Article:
Exerpt by Thanissaro Bhikkhu :
Once, during my very first year with Ajaan Fuang, the time came for the kathina, which was the big event of the year. Lots of people were going to come from Bangkok. Some of them would have to be housed for a night or two before the kathina, and everybody would have to be fed. I had a dream a few nights before they came that Ajaan Fuang had a huge closet with lots of different hats. He would go into the closet and come out with one hat on, then go back in and come out with a different hat on. And sure enough, in the preparation for the kathina, they had to put up bamboo sheds and they had to arrange for the extra kitchen areas — lots of different tasks — and he was good at supervising them all. As later he told me, “Practicing the Dhamma is not just being good at sitting with your eyes closed. It involves learning how to be skillful in everything you do.” This attitude that wants to be skillful: That’s what’s going to see you through lots of different problems. If you don’t give a damn about things outside, your mind is going to be a “don’t-give-a-damn” kind of mind inside as well. It gets apathetic, careless.
But if you make up your mind that whatever chore falls to you, you’re going to try to do it skillfully, then you develop what are called the four bases for success: the desire to do it skillfully; the persistence that sticks with it till you’ve mastered it; intentness, paying a lot of attention to what you’re doing; and analysis, using your powers of discernment to see what’s not yet right, trying to figure out how to get around problems, how to solve them. This fourth factor also involves ingenuity — all the active qualities of the mind. The texts talk about these four bases of success specifically in conjunction with concentration, but a common teaching all over Thailand is that if you want to succeed at anything, you’ve got to develop these qualities of mind and apply them to whatever you have to do to succeed. And regardless of what areas of your life you develop them in, you can take them and apply them to other areas of your life as well.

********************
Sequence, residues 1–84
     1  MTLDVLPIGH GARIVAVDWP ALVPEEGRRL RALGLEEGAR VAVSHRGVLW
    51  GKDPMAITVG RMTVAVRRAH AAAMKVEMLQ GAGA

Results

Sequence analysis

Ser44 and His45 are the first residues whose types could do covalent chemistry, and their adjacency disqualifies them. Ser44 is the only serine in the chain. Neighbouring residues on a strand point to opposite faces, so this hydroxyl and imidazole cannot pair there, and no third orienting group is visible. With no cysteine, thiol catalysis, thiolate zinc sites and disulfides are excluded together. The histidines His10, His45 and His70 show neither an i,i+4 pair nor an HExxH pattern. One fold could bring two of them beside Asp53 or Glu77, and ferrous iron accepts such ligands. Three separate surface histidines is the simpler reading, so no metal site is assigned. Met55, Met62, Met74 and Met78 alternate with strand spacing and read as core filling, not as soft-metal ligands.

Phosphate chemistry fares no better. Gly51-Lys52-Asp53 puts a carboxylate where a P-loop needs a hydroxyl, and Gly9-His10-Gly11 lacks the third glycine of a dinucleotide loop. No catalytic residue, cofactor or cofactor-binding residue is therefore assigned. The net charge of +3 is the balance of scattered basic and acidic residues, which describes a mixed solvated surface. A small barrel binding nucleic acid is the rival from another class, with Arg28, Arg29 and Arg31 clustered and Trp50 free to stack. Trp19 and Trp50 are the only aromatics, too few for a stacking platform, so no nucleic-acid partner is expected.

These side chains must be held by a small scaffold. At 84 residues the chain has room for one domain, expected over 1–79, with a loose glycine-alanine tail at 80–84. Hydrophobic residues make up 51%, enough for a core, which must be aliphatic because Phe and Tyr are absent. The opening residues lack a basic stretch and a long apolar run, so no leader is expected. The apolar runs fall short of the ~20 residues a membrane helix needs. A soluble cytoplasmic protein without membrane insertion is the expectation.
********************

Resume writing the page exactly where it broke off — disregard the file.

So see every aspect of your life as an opportunity to train the mind. If you want to develop good strong powers of concentration, it’s not just what you do while you’re sitting with your eyes closed. It’s how you tackle any activity: learning how to be focused on that activity, learning to be strict with the mind when it starts wandering off. That way the mind is right there; you learn how to keep it right there no matter what you’re doing. And when the time comes to sit down with your eyes closed, well, you’re right there. You don’t have to go chasing the mind down. So try to see the practice as a seamless whole. The word bhavana, as I said, is “to develop.” You can develop your mind in any situation.Don’t think that the important insights are going to come only when you’re sitting with your eyes closed.